Review: A hands-on test of the Moto X

Review: A hands-on test of the Moto X



Motorola decided to forgo the pixel mania that has surrounded most newer devices and released the Moto X with a full HD Display. The 4.7-inch AMOLED screen has a 720p resolution and a lower, albeit a completely acceptable, pixel density of 321 ppi. Compared to the Galaxy S4, which has a ppi of 441, it does seem a stark contrast but it is important to note that you really can’t see much of a difference past 300 ppi.

                        The Moto X at its launch in Sao Paulo.

According to Motorola, the Moto X has been specially designed to be energy efficient and you can definitely see it in its display. If you want to check the time or see notifications that you may have missed, you just need to pick up your phone or pull it out of your pocket. It responds to the motion and pulls only the important information to be displayed on the AMOLED screen, activating only the necessary pixels instead of the entire screen.


The first impression of the device is pretty deceptive: the display bezel and that back of the device look like cheap plastic at first, but actually, is of very high quality once you get your hands on the Moto X. Thanks to a rounded back, it is a very ergonomic in your hands and can be held very comfortably. The design of the user interface is very similar to that of stock Android and has very little, if any, bloatware and unnecessary apps preinstalled.


One of the key software features is the voice control on the Moto X: it’s always on and can be controlled by saying commands such as “OK Google Now.” From there, you can choose whether you want to access your contacts, perform a Google search, send a message, or activate GPS navigation (among others.)

A look at the system information on the Moto X shows that it is running Android 4.2.2. 

A service using WiFi direct has also been included by Motorola that allows data to be transferred directly to the Moto X including pictures, contacts, messages, call logs, and other things from an older smartphone, as long as you have Android 2.2 and up. As well, Motorola has thrown in Connect, a Google Chrome extension, that is similar to Air Droid for the PC in where you can control some aspects of your device, such as sending and receiving SMS messages, from your PC.


Instead of the current standard of 13 megapixels that seem to be cropping up in the latest smartphones, the Moto X sports “only” 10 megapixels on its rear camera and 2 megapixels on its front. In order to quickly fire up the camera app, a quick two flicks of the wrist with the phone in your hand will bring it up and tapping anywhere on the screen will take a photo. As such, according to Motorola, the time to get the camera app and taking a photo is reduced from a standard 8 seconds to 2 seconds with these features. In my hands-on tests of this function, it worked quite well but the autofocus isn’t always perfect and some images weren’t as sharp as I would have liked them.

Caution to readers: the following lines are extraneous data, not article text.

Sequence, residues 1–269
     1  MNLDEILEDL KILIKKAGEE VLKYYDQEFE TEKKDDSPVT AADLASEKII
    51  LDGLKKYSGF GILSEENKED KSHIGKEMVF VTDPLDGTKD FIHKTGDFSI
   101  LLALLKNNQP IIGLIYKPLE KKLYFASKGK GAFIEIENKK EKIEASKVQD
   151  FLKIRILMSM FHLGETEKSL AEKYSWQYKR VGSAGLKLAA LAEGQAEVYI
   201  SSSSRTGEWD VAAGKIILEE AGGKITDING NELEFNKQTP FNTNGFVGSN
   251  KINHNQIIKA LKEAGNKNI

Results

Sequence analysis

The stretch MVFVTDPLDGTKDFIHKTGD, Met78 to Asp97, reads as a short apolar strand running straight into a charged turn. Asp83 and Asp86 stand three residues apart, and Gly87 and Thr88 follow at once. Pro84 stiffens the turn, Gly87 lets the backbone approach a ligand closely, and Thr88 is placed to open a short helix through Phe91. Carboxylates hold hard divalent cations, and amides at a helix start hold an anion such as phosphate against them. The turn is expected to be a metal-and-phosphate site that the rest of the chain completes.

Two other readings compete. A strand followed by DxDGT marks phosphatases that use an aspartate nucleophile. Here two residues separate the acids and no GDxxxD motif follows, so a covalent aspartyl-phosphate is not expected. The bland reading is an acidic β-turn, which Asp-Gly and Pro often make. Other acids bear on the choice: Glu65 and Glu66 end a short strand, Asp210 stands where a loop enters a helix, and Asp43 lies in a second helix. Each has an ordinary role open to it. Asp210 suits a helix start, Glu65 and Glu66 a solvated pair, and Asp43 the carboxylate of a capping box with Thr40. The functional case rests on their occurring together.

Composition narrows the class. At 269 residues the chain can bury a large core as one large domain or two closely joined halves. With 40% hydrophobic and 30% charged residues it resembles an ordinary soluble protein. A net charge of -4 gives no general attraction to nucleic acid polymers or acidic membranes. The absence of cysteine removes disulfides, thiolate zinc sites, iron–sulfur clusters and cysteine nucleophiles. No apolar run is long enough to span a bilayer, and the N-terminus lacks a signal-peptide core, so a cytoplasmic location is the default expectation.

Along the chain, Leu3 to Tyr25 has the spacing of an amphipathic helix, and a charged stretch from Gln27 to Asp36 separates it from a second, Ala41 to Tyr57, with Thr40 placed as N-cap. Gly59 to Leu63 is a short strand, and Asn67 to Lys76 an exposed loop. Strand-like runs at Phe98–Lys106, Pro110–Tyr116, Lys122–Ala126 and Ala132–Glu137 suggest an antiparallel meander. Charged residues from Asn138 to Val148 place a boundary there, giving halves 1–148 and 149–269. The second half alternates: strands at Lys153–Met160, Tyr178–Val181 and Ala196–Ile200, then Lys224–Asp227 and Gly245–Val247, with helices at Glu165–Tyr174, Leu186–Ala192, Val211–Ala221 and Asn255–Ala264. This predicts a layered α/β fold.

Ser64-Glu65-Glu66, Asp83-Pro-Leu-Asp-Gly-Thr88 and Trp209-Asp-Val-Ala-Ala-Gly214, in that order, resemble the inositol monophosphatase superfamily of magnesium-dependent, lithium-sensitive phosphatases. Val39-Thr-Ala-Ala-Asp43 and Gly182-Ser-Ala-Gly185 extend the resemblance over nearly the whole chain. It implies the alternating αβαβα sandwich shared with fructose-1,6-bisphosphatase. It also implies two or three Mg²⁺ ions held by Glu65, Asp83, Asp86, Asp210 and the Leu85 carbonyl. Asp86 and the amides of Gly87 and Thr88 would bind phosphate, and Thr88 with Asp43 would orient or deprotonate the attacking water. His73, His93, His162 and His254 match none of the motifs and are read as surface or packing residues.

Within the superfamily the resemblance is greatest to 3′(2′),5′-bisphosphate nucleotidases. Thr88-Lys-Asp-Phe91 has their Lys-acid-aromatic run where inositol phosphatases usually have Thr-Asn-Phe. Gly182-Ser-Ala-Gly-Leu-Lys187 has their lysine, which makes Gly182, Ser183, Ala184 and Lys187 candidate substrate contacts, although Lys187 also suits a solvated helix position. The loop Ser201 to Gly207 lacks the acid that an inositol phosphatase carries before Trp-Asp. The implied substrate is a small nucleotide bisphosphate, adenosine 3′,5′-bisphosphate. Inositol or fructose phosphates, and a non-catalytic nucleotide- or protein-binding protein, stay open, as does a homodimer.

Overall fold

A look into the camera interface of the Moto X. 

Hardware Specifications

During the presentation of the Moto X, a spokesperson for Motorola, Guy Kawasaki, made it clear that the development of the Moto X was centered more around the software aspects than the hardware side of things. He stressed that in the future, it would be less about how good the processor is inside a device, but rather about offering smartphones with a good and rich user experience that can be operated intuitively and comfortably.

The processor, a Snapdragon S3 dual-core with 1 .7 GHz clock speed and is not quite up to the par of similar classed devices. However, the 2 GB of RAM allows for several apps to be running simultaneously without having the system lag or stutter.

In addition to the main processor, there is another feature built in specifically to help save energy, namely an extra chip, which is only responsible for voice control. This is always running in standby and relieving the main processor from taking on this role and saving valuable battery life.

Processor Qualcomm Snapdragon S4 Pro, Dual-Core, 1.7 GHz, Extra-Chips for Voice Control
Interal Memory 16/32GB
Operating System Android 4.2.2 Jelly Bean
Camera 10MP, Clear-Pixel-Technologie, LED Flash (Rear)

2MP (Front)

Display 4.7-inches, AMOLED, HD 720p, 321 ppi
Battery 2200 mAh
Dimensions 129.3 x 65.3 x 5.6-10.4 mm
Weight 130 g
Connectivity Bluetooth 4.0, WLAN ac, HSPA, LTE
Price  $639.99 (Off contract price)


The lightweight and smart Moto X from Motorola is aimed at customers who would be looking at otherwise a Galaxy S4 or iPhone as it is similarly priced. In North America, you’re looking at dropping around $640 US dollars on the Moto X without a contract, putting it up there in terms of price. The device is not a technical monster but shines with sophisticated and intelligent software. The user experience is unique, but it is only a question as to whether consumers are willing to pay the price associated with the Moto X.

An interesting thing to note: In the U.S., Motorola advertises heavily that the Moto X is built within the USA. On my test device, it was obviously marked on the back: “Assembled in China.”

                          Well, what is it? China or USA? 

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